The beast is mutating. Just when we thought it stable on its feet and more or less defined, there it goes putting its nose where it wasn’t expected. Not to worry, it’s still roaming its usual territory that’s been marked over time thanks to the dexterity of its back leg, still as flexible as ever. There we find bedridden graybeards of the experimental musical scene, such as Phill Niblock, or the survivors of the punk pseudo-scene, like Martin Rev; while on our screens we alternate between the genre cinema that smells like an old closet, see our homage to Michael Armstrong, and audacious visual experimentations. Personified by Austrian artist Billy Roisz and American filmmaker M. Woods, the latter have the good taste for once to be concerned with contemporary authors.
So yes, we laugh at this eternal lame joke that LUFF’s program is constantly looking to the past. Be that as it may, plenty of young faces will brighten up the screens and the evenings. There will be the punk of Cuntroaches, the video artist Khavn, the colorful Bonnie Jones who loses her pedals, the philosophers of Infecticide always looking for a fight... Anyhow, cinema/music, in the end it’s the same old tune. And we do love that tune. While on the side of L’OFF, something much more strange is afoot. There, the wet snout is following the scent to new territories as we are going to examine the alternative economics of culture. Conferences, discussions, films, all serious stuff and all that in Oblò cinema, will make it possible to fuel the reflection around this subject which — at first sight — would appear “alien” at the heart of a festival subsidized by the City, the Canton and the Loterie Romande.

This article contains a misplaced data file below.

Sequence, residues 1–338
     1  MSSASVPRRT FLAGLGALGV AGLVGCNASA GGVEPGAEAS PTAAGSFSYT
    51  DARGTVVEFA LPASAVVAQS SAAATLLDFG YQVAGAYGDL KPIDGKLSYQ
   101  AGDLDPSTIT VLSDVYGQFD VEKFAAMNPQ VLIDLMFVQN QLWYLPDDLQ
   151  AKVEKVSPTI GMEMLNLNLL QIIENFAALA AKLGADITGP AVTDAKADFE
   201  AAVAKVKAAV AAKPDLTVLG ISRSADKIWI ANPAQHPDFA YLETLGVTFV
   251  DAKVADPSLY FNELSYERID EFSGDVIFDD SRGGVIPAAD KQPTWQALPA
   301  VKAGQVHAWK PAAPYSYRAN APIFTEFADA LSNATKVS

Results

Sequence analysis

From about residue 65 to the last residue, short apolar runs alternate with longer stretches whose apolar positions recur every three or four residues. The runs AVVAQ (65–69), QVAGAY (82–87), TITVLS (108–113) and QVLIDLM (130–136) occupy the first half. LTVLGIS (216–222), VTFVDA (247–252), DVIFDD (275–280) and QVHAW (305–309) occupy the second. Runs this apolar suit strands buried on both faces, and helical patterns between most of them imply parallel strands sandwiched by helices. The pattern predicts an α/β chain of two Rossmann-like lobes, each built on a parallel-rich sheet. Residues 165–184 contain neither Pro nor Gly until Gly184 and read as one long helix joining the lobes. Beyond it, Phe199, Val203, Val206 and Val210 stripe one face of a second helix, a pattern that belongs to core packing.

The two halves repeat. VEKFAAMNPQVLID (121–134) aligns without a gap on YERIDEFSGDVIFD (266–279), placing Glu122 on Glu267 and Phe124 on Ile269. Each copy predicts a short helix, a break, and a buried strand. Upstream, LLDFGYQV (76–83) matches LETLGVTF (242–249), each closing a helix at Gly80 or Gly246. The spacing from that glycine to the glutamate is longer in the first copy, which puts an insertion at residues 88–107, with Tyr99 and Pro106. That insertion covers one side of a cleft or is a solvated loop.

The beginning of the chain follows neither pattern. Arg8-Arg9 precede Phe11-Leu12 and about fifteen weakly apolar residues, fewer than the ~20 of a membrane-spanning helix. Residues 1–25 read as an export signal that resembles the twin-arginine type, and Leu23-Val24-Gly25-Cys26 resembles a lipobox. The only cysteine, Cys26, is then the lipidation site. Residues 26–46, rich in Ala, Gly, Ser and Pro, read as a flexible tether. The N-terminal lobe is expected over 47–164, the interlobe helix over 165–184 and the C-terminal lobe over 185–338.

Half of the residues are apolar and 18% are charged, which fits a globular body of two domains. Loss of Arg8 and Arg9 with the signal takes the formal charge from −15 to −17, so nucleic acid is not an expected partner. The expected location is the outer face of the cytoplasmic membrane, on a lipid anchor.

Let’s turn now to LUFF.FM, our radio with a fleeting existence on the waves and the wibes, which will don socio-political finery as it excludes the visibly predominant species: the white heterosexual male. For a festival founded by one of those, let’s own up to the fact that it is ironic, or even audacious. This is part of putting into place the unstable strategies of toppling the positions of stability in morality and essentialism in things and persons. Playing with the ambivalence pursues the goal of emancipation. There is play, there is friction, and to tickle what’s wobbling in the stabilized mechanisms will allow to clear out a new space where we should all meet on equal terms, without any distinction.
—Julien Bodivit, artistic director –Film